BitDepth 618 - March 11

Microsoft launches Windows Server 2008, Visual Studio 2008 and SQL Server 2008 in a Caribbean "Wave."
Microsoft updates the IT backroom

IT professionals at the launch of Microsoft Windows Server 2008 at the Hyatt Regency. Photo by Mark Lyndersay.

The news that Microsoft was releasing a major upgrade to its operating system for servers isn’t the sort of thing that most folks would find exciting, but for a room full of IT professionals at the Hyatt Regency on the Port of Spain waterfront last week, it was the biggest thing they might have to consider all year.
“This is the most important technology launch in the history of Microsoft,” said George Gobin, Caribbean Territory Manager for the Redmond company said in his introductory remarks.
You might find it to be hyperbole, but there wasn’t a titter in the room as almost two hundred people waited to hear what the new version of Windows Server 2008, the first major update to that software since 2003, would have to offer them.

It’s worth noting that for most people who connect to a server, usually in an office environment, that experience is largely invisible. Servers act as a central repository for files which need to be accessed by working groups, a space to aggregate automated backups and a source of company wide services, such as a mail server like Microsoft’s Exchange.
Most people’s active relationship with a server is to experience frustration when “it’s down” or they are unable to access their e-mail or a pane keeps popping up on their computer screen insisting that it’s time to change a password.

What’s a server?
IT professionals don’t want to explain what a server is, what it does or get into the details of why there are problems. They get fewer trouble calls and more time to work on new projects in the backroom when server access is reliable and transparent to the user. Ergo the rapt attention of the folks at the Hyatt.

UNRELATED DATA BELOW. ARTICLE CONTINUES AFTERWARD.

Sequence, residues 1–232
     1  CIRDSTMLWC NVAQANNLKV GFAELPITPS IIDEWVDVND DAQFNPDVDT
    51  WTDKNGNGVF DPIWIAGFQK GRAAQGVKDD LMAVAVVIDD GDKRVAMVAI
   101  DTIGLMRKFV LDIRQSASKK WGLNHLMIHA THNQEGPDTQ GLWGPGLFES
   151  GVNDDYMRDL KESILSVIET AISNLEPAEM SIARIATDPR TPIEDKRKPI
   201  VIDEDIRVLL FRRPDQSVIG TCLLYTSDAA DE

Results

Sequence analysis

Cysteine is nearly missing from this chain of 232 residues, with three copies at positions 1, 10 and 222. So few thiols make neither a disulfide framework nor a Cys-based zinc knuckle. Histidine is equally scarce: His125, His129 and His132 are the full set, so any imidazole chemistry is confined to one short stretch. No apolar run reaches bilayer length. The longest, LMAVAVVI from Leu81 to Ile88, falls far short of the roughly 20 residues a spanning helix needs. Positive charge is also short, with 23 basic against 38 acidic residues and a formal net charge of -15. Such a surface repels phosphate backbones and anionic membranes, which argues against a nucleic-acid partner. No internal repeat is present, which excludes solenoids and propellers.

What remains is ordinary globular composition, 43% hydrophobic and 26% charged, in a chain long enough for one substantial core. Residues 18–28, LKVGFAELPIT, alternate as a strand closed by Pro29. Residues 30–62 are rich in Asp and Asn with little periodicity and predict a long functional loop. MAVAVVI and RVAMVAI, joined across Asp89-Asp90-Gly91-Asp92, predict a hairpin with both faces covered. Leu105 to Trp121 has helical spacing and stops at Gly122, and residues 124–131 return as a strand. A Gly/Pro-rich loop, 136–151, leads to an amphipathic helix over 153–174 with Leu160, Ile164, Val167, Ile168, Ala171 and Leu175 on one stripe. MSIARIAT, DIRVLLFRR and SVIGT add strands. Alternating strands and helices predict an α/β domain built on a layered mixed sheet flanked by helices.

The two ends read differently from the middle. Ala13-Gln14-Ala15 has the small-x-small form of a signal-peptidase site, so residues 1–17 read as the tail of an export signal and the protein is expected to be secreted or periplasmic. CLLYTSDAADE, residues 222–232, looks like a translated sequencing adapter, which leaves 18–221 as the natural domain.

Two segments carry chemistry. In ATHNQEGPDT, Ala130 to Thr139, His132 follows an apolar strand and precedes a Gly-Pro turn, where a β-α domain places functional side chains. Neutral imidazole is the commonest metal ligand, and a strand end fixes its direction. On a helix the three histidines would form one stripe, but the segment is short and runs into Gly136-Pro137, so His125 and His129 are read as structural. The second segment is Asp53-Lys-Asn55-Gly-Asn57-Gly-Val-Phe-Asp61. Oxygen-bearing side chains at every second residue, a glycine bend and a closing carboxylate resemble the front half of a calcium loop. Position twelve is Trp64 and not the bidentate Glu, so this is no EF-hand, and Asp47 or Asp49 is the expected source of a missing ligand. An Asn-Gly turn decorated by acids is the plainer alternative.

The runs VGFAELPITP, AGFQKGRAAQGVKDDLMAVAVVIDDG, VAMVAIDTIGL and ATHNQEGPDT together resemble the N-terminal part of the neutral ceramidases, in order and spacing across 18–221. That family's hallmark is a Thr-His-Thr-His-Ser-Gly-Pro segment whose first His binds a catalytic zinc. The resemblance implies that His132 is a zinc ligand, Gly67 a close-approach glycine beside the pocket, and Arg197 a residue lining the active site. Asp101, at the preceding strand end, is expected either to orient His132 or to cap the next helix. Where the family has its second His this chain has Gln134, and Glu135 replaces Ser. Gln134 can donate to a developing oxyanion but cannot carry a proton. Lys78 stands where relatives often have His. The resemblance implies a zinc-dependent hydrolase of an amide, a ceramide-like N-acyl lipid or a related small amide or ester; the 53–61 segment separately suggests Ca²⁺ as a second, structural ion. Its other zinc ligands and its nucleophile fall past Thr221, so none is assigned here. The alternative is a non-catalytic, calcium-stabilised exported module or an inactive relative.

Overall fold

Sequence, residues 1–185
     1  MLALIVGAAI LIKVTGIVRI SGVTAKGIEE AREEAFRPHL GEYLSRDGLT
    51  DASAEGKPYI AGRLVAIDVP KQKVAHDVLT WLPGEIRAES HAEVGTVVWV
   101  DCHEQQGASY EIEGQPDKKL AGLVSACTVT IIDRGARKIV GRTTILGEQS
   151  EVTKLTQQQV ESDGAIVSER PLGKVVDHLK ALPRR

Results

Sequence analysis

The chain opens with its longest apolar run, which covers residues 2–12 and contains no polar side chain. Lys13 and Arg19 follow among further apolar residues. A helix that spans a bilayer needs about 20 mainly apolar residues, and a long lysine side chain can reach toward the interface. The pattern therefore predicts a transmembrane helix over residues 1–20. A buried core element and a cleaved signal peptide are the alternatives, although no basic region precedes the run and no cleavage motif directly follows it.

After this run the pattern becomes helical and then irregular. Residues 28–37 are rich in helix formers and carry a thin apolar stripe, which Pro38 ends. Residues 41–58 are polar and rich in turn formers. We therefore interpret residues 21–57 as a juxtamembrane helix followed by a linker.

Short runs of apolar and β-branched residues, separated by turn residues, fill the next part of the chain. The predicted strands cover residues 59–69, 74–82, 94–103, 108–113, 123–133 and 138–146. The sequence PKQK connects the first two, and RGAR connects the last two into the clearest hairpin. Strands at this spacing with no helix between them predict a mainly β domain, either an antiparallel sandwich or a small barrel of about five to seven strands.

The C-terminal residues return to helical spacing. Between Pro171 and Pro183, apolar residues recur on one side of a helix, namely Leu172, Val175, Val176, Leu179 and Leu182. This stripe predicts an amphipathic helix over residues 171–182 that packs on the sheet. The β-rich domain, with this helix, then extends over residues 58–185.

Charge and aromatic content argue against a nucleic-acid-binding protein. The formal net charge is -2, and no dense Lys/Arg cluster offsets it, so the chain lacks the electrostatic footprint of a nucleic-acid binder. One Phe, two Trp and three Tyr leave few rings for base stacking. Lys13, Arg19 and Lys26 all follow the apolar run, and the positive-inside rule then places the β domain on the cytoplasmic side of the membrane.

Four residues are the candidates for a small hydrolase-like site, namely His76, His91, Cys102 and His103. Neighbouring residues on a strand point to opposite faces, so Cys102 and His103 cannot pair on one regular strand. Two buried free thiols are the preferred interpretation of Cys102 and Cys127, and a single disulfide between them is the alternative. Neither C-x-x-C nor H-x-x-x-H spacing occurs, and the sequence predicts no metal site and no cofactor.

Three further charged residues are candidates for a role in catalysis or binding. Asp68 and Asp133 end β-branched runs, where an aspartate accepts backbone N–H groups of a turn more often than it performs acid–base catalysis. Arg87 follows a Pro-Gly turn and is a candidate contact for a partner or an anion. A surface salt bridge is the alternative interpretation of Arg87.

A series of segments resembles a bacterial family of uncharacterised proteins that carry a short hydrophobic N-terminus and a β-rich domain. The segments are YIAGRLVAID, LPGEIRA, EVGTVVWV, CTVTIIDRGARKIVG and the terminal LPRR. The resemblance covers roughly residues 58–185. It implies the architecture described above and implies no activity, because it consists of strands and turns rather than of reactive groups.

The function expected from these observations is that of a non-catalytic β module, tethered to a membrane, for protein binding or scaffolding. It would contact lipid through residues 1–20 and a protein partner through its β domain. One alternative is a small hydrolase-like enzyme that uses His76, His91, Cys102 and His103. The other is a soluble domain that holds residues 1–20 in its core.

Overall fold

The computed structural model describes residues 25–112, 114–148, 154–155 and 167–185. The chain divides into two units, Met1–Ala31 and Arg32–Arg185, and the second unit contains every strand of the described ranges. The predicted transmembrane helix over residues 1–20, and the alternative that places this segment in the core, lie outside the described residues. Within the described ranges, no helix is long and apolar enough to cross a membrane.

The server software introduction was accompanied by announcements of updates to Visual Studio, a programming system designed for building ad hoc software and rapid prototypes of software and SQL Server, an enterprise grade database system.
From Microsoft’s perspective, the launch was an opportunity to celebrate the users of these software products under the theme “Heroes happen here,” a way of shining a light on their least visible customers and the demos and videos paid lip service to the theme when they weren’t dense with technical details. That’s what happens when you’re in room with under appreciated and highly technical people who all talk the same binary language.

New features
According to Microsoft research, 80 percent of the work in the IT backroom is dedicated to maintenance and 20 percent is focused on new products and innovation. The various time and effort saving features of Windows Server 2008 propose to switch that ratio, giving IT professionals an opportunity to spend more of their time on developing new solutions for their companies.
The new product offers two key new features that will drive that kind of change.
Microsoft has redesigned the way it approaches security in the new server product, consolidating password control into more easily protected and managed systems.

Infotech’s Satish Ramadhan described this new approach as key to two major deployments of the new product at Home Construction Limited and PCS Nitrogen. Both clients had widely distributed access points to their computer networks which benefited from the new approach to password consolidation and management.
Sharp increases in mobile users of server systems have been matched with deeper control over how users connect to the new server software. Computers that do not match meet criteria set out by the administrators, such as the status of anti-virus software or a faulty firewall setting will be put in virtual quarantine, and the server can automatically repair settings which do not match corporate network standards.

At the core of the new server software is virtualisation, a concept that’s worthy of more space than I can give it here. The addition of virtual machine technology puts Microsoft in competition with VMWare, the market leader in this product segment, but the company has an interesting technology strategy for its implementation. 
Next week, virtual machines in Windows Server 2008 and on the desktop.

Product availability
Windows Server 2008 is available in several versions which include several enterprise iterations and versions for smaller business installations. Essentials Business Server is targeted at customers with 75-500 clients, and the Small Business Server is designed for installations with 75 or fewer clients. 

“We sell more enterprise licences than small business solutions,” notes Infotech’s Satish Ramadhan, “regardless of the company’s size.”
Microsoft’s George Gobin notes that the company is very flexible about its licensing for the product and additional services, such as SQL Server can be bundled with products as needed.
Visual Studio 2008 is shipping, and SQL Server 2008 will be available in the third quarter of 2008.
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